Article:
The Link Between Bridge Toll Dysfunction and Unsafe Streets
Did “toll shopping” figure in the death last week of cyclist Kevin Lopez in Long Island City?
We don’t know for sure. But there’s a good chance it did, judging from a remark made by a passenger in the Mercedes that struck Lopez’s bicycle on Queens Plaza North near 29th Street around 2:15 p.m. on Tuesday, July 28, causing him to crash and die eight days later, in New York-Presbyterian/Weill Cornell Hospital.
Lopez, age 20, was bicycling to his home in Long Island City from classes at nearby LaGuardia Community College, where he was studying business administration, according to the Daily News. Press reports have Lopez cycling west on Queens Plaza North rather than on the adjacent Queensboro Bridge Greenway, perhaps preparatory to crossing Queens Boulevard. The Mercedes driver was apparently also westbound on Queens Plaza North where it feeds into the Queensboro Bridge when he struck Lopez’s bicycle from behind.
Immediately after the collision, the passenger, Shann Mon, 39, told DNAinfo that he and the driver were “heading back to Harlem after picking up medicine at a pharmacy.” Who knows if that’s true, let alone which pharmacy in Queens or where in Harlem. But from many parts of western Queens to most locations in Harlem, the Triboro Bridge appears to offer a quicker drive than the Queensboro.
For example, from 36th Avenue and Crescent Street, around 10 blocks from the crash location, to Adam Clayton Powell Jr. Boulevard and 129th Street, the QB route is longer by 1.9 miles and 5 minutes than the Triboro route, according to Google Maps queried for the same time and day of the week as the actual crash. The catch is that the Triboro route entails a $5.54 toll ($8.00 without E-ZPass), whereas the Queensboro is untolled. That free ride leads thousands of Queens-to-Manhattan drivers to divert each day to the QB from their “natural” path via the Triboro or the Queens Midtown Tunnel. Mon’s Mercedes-driving pal may have been one of them.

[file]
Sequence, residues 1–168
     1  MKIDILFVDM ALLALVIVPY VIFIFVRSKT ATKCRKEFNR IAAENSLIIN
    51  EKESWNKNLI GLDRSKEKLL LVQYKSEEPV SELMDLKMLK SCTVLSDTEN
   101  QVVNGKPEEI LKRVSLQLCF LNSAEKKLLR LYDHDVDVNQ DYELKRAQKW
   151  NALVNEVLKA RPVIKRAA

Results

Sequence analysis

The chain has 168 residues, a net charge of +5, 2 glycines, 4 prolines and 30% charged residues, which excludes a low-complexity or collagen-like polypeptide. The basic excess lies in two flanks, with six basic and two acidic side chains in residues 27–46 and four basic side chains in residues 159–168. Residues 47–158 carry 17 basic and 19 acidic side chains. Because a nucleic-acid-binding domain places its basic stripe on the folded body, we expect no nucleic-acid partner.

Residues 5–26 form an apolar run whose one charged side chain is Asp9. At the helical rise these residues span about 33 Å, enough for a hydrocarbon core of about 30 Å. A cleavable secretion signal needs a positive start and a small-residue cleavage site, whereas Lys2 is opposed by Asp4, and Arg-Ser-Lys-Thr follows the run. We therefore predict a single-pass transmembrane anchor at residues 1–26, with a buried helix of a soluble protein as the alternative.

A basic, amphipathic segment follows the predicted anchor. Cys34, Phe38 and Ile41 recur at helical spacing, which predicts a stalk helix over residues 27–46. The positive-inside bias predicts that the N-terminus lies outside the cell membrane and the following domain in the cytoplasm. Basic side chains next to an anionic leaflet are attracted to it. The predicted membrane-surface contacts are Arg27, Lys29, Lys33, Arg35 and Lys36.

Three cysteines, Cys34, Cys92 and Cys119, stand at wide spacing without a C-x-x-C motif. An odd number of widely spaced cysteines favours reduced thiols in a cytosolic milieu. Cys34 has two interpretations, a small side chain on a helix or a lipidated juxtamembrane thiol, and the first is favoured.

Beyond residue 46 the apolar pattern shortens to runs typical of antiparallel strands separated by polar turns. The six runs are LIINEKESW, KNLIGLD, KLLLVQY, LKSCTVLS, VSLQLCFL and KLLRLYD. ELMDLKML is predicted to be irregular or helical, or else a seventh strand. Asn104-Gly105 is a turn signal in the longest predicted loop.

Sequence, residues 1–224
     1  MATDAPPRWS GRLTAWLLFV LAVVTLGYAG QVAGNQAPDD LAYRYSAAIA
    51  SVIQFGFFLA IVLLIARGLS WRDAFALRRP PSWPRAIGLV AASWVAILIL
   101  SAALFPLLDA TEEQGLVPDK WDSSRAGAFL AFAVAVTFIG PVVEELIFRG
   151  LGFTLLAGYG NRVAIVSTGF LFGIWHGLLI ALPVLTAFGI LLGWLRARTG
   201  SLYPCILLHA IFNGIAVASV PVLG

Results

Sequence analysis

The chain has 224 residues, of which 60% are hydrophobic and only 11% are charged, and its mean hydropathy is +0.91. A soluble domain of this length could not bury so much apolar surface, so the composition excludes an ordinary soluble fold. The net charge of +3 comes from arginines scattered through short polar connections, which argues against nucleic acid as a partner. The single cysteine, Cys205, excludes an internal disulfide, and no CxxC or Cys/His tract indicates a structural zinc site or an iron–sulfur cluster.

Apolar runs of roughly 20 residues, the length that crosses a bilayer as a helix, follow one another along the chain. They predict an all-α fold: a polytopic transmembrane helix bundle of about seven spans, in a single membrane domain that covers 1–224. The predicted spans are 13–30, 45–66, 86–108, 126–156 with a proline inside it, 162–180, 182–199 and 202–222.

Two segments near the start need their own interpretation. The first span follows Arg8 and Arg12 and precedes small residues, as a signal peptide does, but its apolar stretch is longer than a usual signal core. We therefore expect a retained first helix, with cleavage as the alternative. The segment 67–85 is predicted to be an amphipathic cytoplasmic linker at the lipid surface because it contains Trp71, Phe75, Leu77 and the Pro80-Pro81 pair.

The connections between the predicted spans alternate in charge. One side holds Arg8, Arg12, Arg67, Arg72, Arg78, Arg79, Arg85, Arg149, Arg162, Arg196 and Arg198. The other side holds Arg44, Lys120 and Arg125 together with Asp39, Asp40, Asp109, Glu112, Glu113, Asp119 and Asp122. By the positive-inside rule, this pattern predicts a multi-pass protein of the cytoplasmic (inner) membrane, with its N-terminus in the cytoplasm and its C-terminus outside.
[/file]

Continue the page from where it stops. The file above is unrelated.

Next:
Toll shopping is as old as toll roads and bridges. But the incentive to detour to toll-free routes in the five boroughs has escalated as the MTA has raised tolls relentlessly on its bridges and tunnels — a process driven in part by the absence of tolls on most entrances to the Manhattan Central Business District.
Some gridlock-averse drivers opt for the relatively underutilized Brooklyn Battery and Queens Midtown Tunnels and the Triboro Bridge, but they are far outnumbered by toll-averse drivers. Chronic traffic congestion on the free East River bridges is the result.
The overflow traffic on the Queensboro, Williamsburg, Manhattan, and Brooklyn bridges isn’t confined to the spans. It spills onto the bridge approaches on either side of the East River — in Long Island City and East Midtown, in Downtown Brooklyn and Chinatown, in Williamsburg, Little Italy and the Lower East Side, snarling streets and putting pedestrians and bike riders in harm’s way.
Traffic engineer Sam Schwartz has argued for decades that balancing the city’s toll regime by tolling the East River bridges and 60th Street while lowering tolls on the MTA bridges could help curb traffic injuries and fatalities, especially to pedestrians and cyclists, by redistributing and lowering traffic volumes.
I recently modeled Sam’s hypothesis by grafting the citywide and localized traffic reductions projected by my BTA spreadsheet to 2014 NYC crash map data generated by staff at Sam Schwartz Engineering Co. Together, we concluded that extending the toll currently charged on the East River tunnels ($5.54 in each direction; $8.00 without E-ZPass) to the East River bridges and across 60th Street, as envisioned in the Move NY plan, would cut pedestrian and cyclist injuries throughout western Queens by an average of 9 percent, simply by lowering and re-assigning vehicle miles traveled. It stands to reason that the reductions in the immediate vicinity of the Queensboro Bridge — where Kevin Lopez was struck and killed — would be even greater.
Move NY-style toll reform turns out, then, to be a vital ingredient for the city’s Vision Zero initiative. Less VMT, not to mention less driver frustration, translates into fewer menacing vehicles and less menacing behavior. Ditto for Move NY’s billion or more dollars a year in net revenues that could help fund the MTA capital plan, allowing the authority to replace century-old signals and controls and boost train frequencies and draw trips from autos, yellow cabs, and Ubers.
Yet the Move NY Plan must navigate through — or around — Governor Andrew Cuomo’s indifference and, now, internecine warfare between Albany and City Hall. Curiously, the electeds who are all about saving lives from Legionnaires’ Disease are stunningly passive when it comes to structural reforms that could save lives on city streets.